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Missing Air France Jet Found In Ocean

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Missing Air France Jet Found In Ocean


Missing Air France Jet Found In Ocean

Missing Air France Jet Found In Ocean

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  • <iframe src="" width="100%" height="290" frameborder="0" scrolling="no" title="NPR embedded audio player">
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Wreckage from an Air France airliner that crashed in the Atlantic two years ago has now been found at the bottom of the ocean. The French government says large parts of the fuselage, the engines and even identifiable bodies have been found nearly 2.5 miles down in an area known as the mid-ocean ridge. There have been three previous attempts to find the aircraft, which crashed with 228 people on board during a flight from Rio de Janeiro to Paris in June 2009.


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Investigators have found the bulk of the wreckage from an Air France plane that crashed into the Atlantic two years ago. Two hundred twenty-eight people were on board when the plane fell from the sky, on its way from Rio de Janeiro to Paris. The cause of the accident has never been determined, though investigators hope this latest discovery will provide some answers.

Eleanor Beardsley has the latest.

ELEANOR BEARDSLEY: Officials showed startling photos of the wreckage of Air France Flight 447, lying nearly two and a half miles beneath the surface of the sea: intact wheels from the landing gear, two engines, a silt-covered panel of the fuselage. But what was most surprising was what wasn't shown to reporters. About 50 apparently identifiable bodies were also filmed by the underwater cameras.

French Transport Minister Nathalie Kosciusko-Morizet said work would begin immediately to bring the plane to the surface.

Ms. NATHALIE KOSCIUSKO-MORIZET (Minister for Ecology, Sustainable Development, Transport and Housing of France): (Through translator) In the next few weeks, we'll begin the phase of bringing up the pieces of the plane, and of the bodies we have seen. They will be brought to the surface and identified.

BEARDSLEY: The Rio-to-Paris flight went down in stormy weather on June 1, 2009. The exact cause of the crash has never been determined, though malfunctioning airspeed sensors were thought to play a major role.

Family organizations expressed great relief today, but some relatives of the victims have already voiced a desire to let their loved ones lie in peace on the ocean floor.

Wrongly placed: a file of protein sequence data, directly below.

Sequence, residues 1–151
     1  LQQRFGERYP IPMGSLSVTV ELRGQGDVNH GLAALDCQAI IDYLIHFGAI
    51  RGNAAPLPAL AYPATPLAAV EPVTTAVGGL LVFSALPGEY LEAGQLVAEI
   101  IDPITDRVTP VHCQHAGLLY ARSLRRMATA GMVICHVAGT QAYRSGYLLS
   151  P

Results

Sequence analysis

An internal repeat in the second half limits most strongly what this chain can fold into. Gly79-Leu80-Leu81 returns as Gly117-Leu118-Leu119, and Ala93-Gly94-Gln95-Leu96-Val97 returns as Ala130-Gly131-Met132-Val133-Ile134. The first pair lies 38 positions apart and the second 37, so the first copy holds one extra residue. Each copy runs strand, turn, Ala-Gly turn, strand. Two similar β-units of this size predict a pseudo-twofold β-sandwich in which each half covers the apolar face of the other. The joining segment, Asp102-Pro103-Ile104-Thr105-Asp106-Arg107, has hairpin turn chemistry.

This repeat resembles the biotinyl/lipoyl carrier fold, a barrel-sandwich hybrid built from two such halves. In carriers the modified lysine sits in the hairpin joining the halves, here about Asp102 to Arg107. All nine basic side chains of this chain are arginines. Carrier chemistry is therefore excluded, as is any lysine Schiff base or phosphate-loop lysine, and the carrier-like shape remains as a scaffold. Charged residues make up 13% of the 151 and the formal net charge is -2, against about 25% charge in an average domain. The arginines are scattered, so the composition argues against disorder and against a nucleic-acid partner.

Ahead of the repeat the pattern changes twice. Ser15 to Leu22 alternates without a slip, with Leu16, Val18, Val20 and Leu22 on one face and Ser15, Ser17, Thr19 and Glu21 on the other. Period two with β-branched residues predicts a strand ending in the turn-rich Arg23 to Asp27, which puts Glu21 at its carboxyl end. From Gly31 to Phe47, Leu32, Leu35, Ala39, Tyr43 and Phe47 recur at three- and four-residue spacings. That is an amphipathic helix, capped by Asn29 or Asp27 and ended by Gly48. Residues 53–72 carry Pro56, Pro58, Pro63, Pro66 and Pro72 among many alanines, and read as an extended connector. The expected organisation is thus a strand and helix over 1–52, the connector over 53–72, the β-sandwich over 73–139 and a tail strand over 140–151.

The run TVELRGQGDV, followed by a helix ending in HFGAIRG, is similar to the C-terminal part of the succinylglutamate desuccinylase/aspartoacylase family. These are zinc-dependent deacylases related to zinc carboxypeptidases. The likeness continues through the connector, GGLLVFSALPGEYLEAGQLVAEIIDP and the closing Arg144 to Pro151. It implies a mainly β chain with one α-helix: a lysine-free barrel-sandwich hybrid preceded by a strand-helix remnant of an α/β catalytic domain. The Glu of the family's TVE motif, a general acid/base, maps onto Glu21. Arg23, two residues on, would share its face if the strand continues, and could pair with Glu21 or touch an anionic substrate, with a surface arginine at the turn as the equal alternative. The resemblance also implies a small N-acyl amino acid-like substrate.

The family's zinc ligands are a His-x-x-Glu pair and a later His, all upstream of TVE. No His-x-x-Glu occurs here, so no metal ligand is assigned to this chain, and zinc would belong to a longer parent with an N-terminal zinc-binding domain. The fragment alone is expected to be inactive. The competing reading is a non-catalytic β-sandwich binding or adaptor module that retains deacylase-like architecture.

Leron Lame(ph), who lost his brother in the crash, says the news is unsettling.

Mr. LERON LAME: (Through translator) I just wasn't expecting someone to tell me that two years later, my brother might be brought out of the water. It's psychologically disturbing. I thought I had done my grieving but now, I don't think it's over yet.

BEARDSLEY: This fourth search for the wreckage covered a huge area miles below the surface. The searchers combed the ocean floor using underwater vehicles that remained submerged for up to 20 hours, scanning a mountainous area known as the midocean ridge.

The four searches cost around $38 million, paid for by Airbus and Air France. The French government will pay for the recovery of the bodies in the wreckage.

Although much time and expense has been devoted to this investigation, aviation columnist Pierre Sparaco says the world's flight safety community cannot accept an unexplained accident.

Mr. PIERRE SPARACO (Columnist): Of course, when there is an accident, there are lessons to be learned. And if there is no lesson simply because there is no conclusion, it's a nightmare for everyone.

BEARDSLEY: Sparaco says this investigation has been particularly difficult because up 'til now, there was little to go on - only limited wreckage, and no radio traffic because the plane was out of range when it crashed. He says that's why finding the cockpit voice and data recorders, the so-called black boxes, is so important.

Mr. JEAN-PAUL TROADEC (Director, Bureau d'Enquetes et d'Analyses): (Foreign language spoken)

BEARDSLEY: The head of the French aviation accident bureau, Jean-Paul Troadec, says they hope the black boxes are still attached to the fuselage and will be recovered with the wreckage. But even if they are brought up, says Troadec, it's not clear they'll provide any answers after two years on the ocean floor.

For NPR News, I'm Eleanor Beardsley in Paris.

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